READING is a significant shopping and business centre and a university town. It has a farmers’ market twice a month. Its prosperity used to be based on beer (Courage), bulbs (Suttons) and biscuits (Huntley & Palmer), but now it has a much higher profile as the gateway to ‘silicon valley’. Seven out of 10 American IT firms have bases here, including Microsoft and Oracle. The train service to London is superb – about one every seven minutes – as it is one of the busiest rail interchanges in the country (see also Waterloo to Reading. Reading is also the terminus of the Kennet and Avon canal, which offers some marvellous walks to the west.
Different areas cater for different tastes. On the Thames, Caversham Heights has a mix of detached houses, flat conversions and modern apartments, and is very residential. The most expensive address is The Warren, up on a hill with river views. A two-bedroom flat in an Edwardian conversion with a mooring and garden sloping down to the river would sell for around £290,000. A large, five-bedroom Edwardian house in three-quarters of an acre costs about £895,000. Lower Caversham offers mainly Victorian terrace housing with some modern infilling. A three-bedroom terrace would cost £190,000; a modern two-bedroom flat on the river, £340,000. Caversham Park village is made up of town houses built a couple of decades ago. Prices tend to hover between £200,000 and £300,000, which makes it attractive to young families and first-time buyers. Emmer Green is very Thirties, with a lot of open land and golf courses. A three-bedroom semi here would cost around £230,000.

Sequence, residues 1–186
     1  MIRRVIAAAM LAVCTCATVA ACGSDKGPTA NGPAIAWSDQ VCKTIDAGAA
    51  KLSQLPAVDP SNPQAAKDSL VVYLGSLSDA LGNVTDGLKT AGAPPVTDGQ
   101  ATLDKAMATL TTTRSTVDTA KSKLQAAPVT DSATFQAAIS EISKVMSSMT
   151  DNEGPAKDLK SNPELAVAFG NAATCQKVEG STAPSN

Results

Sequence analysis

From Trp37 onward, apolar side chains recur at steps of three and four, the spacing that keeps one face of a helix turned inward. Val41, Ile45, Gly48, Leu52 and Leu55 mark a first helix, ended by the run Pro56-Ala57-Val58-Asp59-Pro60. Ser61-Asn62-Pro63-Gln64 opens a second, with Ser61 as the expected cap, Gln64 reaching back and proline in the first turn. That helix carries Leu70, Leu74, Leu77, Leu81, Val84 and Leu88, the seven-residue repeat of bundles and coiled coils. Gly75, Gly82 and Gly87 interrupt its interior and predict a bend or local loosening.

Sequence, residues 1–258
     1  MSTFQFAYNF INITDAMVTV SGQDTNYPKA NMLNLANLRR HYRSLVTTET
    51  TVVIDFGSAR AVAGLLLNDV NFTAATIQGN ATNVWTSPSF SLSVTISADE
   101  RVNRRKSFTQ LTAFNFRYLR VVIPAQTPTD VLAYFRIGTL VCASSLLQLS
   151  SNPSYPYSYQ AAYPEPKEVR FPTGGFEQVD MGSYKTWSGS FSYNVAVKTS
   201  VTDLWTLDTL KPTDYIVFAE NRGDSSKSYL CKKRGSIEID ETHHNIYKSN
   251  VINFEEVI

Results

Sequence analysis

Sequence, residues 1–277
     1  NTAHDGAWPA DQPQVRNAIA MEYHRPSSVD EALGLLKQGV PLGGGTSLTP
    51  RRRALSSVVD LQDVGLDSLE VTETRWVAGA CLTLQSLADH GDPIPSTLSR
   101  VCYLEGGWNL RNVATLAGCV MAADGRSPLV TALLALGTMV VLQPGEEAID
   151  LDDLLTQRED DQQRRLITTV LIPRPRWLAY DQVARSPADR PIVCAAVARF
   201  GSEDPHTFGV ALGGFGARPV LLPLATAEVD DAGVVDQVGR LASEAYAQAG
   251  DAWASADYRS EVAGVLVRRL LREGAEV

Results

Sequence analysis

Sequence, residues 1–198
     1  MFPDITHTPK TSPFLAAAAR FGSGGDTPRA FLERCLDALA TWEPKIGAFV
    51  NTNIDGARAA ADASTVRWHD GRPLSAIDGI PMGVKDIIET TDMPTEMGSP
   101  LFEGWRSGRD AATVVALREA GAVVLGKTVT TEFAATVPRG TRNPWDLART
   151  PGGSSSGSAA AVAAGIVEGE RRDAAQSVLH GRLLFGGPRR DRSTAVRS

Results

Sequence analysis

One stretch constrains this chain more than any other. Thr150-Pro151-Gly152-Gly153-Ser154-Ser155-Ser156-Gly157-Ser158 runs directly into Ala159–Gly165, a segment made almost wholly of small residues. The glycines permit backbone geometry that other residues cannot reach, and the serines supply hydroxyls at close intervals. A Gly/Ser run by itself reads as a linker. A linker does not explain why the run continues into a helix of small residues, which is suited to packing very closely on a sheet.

West and east Reading are cosmopolitan, and prices are slightly lower. A one-bedroom flat would cost £110,000; a three-bedroom Victorian house up to £220,000. To the south is Lower Earley and to the west Tilehurst, both with their own railway stations. A three-bedroom semi costs from £200,000 to £300,000. Whiteknights Road, where the university is situated, has large Edwardian houses that sell from £350,000 to £500,000.
The popular villages nearby include Pangbourne, Goring and Streatley. Sonning Common, just inside Oxfordshire, is not beautiful in itself, but it lies in a sleepy and countrified area. It has a swag of shops, a bank and a vet. A two-bedroom detached bungalow might be bought for £250,000 upwards. Most of the villages to the south of Reading are not particularly outstanding in any way.